“Testament Of Youth” meshes the provincial and privileged class with “Masterpiece Theater-like” sentiments that hold the viewers’emotions at bay. We are always aware that this is personal history. The events have already happened. Somehow this knowledge deadens the desired effect of any immediacy of tragedy.

Visually,the film is a stunner. Verdant estate walks,pooled and mossy retreats, coastal waters and silvered strands are all here. Juxtaposed against mildewed barracks and tented surgeries, the camera plays up the idyllic. This is a film for the romantic idealist. Poetry plays a major part. Nursing and self-sacrifice a close second. I particularly enjoyed the close-ups of clothes pins, and lace curtains airing, burnished-leather books and library tables. The “fallen in combat” list is movingly shot. World War I trenches with the barbed wire and rain-soaked misery visually confront the real. Images seem to overtake dialogue.Yet,the words spoken are memorable. When Vera apologizes for her “Masonic secret” jibe and for being “caught up with myself” in her angst over her Oxford entrance exam,Roland ( Kit Harrington ) responds with “I worked it out for myself.” To this our feminist precursor states,”And so will I!”

Always fully chaperoned,usually by Aunt Belle, Roland and Vera both wishing to become writers use poetry to awaken their emotions. Roland pens “errant hair had sunbeams in it/There shone all/April in your eyes”. Their romance begins.

Vera’s later pleadings of “I want to know the truth”, and “Talk to me or how can I understand.” leads to her volunteering for the Front. With thirty men to a hut,Vera nurses the enemy prisoners of war. She speaks German and comforts; she closes the dead’s eyes;she bandages her brother and sends him off again to battle. This is a long film.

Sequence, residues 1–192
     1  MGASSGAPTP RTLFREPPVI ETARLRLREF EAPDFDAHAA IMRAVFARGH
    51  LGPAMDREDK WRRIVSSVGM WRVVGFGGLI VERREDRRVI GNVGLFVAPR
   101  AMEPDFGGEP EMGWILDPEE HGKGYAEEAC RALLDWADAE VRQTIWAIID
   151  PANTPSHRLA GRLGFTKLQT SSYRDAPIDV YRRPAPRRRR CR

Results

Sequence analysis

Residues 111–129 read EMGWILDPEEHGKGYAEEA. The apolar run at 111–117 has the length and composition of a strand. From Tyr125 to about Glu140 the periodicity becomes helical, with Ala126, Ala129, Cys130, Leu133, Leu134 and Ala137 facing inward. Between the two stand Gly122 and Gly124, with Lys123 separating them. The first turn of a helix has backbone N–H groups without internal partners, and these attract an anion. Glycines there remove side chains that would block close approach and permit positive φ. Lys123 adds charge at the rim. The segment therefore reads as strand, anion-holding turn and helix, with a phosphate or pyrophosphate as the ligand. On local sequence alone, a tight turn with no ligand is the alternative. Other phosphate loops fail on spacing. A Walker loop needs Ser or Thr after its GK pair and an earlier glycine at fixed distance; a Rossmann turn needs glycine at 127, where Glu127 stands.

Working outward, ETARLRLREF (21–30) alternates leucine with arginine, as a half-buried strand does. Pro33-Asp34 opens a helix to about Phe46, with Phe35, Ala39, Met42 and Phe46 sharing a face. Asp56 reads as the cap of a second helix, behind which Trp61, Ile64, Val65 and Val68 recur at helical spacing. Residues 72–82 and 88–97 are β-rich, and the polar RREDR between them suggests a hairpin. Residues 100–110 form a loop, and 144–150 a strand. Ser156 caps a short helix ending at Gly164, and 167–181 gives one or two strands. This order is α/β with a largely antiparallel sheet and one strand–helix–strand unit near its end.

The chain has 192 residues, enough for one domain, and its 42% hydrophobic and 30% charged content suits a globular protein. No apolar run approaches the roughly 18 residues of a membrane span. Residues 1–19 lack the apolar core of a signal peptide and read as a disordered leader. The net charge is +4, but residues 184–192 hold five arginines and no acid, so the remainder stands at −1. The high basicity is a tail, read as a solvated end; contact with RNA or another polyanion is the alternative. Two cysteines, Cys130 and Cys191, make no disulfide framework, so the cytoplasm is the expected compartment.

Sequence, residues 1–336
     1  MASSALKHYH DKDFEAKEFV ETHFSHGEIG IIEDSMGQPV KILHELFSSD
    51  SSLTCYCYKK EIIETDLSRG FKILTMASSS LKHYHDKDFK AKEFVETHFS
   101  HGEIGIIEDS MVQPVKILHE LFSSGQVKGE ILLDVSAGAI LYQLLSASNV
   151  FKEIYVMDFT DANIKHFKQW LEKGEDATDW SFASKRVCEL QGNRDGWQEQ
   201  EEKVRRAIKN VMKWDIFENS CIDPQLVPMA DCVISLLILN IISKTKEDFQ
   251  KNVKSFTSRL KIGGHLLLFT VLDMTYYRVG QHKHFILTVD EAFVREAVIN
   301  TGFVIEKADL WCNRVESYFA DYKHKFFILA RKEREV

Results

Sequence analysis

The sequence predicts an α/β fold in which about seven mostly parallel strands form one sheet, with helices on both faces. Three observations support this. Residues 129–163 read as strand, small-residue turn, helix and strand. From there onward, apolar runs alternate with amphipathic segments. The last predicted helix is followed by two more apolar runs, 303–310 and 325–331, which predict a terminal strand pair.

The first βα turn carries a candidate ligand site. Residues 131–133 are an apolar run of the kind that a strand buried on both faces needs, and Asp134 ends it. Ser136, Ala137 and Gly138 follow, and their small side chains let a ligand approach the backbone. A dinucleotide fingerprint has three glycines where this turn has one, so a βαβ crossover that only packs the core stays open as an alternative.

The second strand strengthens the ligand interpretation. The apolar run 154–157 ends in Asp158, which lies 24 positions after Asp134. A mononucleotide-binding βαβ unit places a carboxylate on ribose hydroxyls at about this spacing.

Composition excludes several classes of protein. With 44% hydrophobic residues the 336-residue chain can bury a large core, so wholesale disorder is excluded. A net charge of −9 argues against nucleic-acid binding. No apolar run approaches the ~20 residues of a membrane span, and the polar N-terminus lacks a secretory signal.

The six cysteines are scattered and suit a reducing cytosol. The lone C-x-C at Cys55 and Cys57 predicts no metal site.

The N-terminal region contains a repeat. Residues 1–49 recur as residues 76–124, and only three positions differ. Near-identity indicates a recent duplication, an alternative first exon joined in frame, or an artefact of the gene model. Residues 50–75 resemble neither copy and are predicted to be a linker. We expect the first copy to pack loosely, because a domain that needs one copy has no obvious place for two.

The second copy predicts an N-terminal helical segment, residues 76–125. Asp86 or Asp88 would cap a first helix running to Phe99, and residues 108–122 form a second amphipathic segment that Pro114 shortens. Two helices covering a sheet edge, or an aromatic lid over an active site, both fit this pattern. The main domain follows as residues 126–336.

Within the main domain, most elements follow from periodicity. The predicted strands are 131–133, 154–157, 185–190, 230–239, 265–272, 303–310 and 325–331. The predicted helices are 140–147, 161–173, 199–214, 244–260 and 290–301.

Furloughed for three days, Roland, battle-fatigued, heartlessly pushes Vera to the sand. She stands and dramatically pleads as she touches her heart, “This part of you,don’t destroy it”. Roland’s “It might be gone already.” is the film’s saddest line, even sadder than “All of us are surrounded by ghosts. We need to learn to live with them.” Vera goes on to give rousting anti-war speeches, “No more the endless cycle of revenge”, I say, “No More”.

Emily Watson and Miranda Richardson,as mother and teacher respectively, play their types well. The four men in Vera’s early life, brother,father, fiancée and family friend highlight “coming of age” traits like impatience,dutifulness, and playfulness. The endnote tells us Vera later marries George Catlin, the pacifist,and they have two children. Could this mean a sequel is in the offing. I’ll no doubt see it, but maybe at home as the episodes roll by.


Asif Kapadia’s documentary on British jazz singer Amy Winehouse is heartbreakingly powerful. Seeing such talent consumed by bad choices and bad circumstances moves one to tears. Whether Winehouse is belting out tunes,licking lollipops or hazed in cigarette smoke,her fixations make one wish to set her straight. At least straight out of the arms of creepy boyfriend and later husband,Blake Fielder. Their three-year marriage was a disaster, as were the outfits he encouraged Amy to prance around in. One wants to shout into the screen “lose the loser” even as one views the footage of their marriage soiled in heroin and crack cocaine.